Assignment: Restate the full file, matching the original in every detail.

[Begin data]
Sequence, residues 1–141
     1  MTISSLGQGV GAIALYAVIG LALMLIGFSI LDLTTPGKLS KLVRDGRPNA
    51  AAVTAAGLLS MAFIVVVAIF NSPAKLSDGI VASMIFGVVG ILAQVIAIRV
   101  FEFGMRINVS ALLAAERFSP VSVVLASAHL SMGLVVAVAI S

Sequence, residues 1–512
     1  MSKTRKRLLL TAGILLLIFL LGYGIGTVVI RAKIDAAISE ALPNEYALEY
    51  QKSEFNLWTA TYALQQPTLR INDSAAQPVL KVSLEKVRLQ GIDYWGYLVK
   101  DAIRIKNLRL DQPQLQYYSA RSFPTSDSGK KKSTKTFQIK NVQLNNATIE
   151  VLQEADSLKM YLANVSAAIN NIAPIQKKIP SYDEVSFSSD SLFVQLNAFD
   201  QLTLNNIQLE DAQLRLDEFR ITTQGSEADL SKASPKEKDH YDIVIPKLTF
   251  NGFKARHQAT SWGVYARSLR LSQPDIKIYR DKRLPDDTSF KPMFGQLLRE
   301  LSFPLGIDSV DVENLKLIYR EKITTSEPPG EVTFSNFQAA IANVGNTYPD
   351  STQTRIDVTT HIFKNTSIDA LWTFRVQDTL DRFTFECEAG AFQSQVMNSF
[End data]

Sequence, residues 1–141
     1  MTISSLGQGV GAIALYAVIG LALMLIGFSI LDLTTPGKLS KLVRDGRPNA
    51  AAVTAAGLLS MAFIVVVAIF NSPAKLSDGI VASMIFGVVG ILAQVIAIRV
   101  FEFGMRINVS ALLAAERFSP VSVVLASAHL SMGLVVAVAI S

Sequence, residues 1–512
     1  MSKTRKRLLL TAGILLLIFL LGYGIGTVVI RAKIDAAISE ALPNEYALEY
    51  QKSEFNLWTA TYALQQPTLR INDSAAQPVL KVSLEKVRLQ GIDYWGYLVK
   101  DAIRIKNLRL DQPQLQYYSA RSFPTSDSGK KKSTKTFQIK NVQLNNATIE
   151  VLQEADSLKM YLANVSAAIN NIAPIQKKIP SYDEVSFSSD SLFVQLNAFD
   201  QLTLNNIQLE DAQLRLDEFR ITTQGSEADL SKASPKEKDH YDIVIPKLTF
   251  NGFKARHQAT SWGVYARSLR LSQPDIKIYR DKRLPDDTSF KPMFGQLLRE
   301  LSFPLGIDSV DVENLKLIYR EKITTSEPPG EVTFSNFQAA IANVGNTYPD
   351  STQTRIDVTT HIFKNTSIDA LWTFRVQDTL DRFTFECEAG AFQSQVMNSF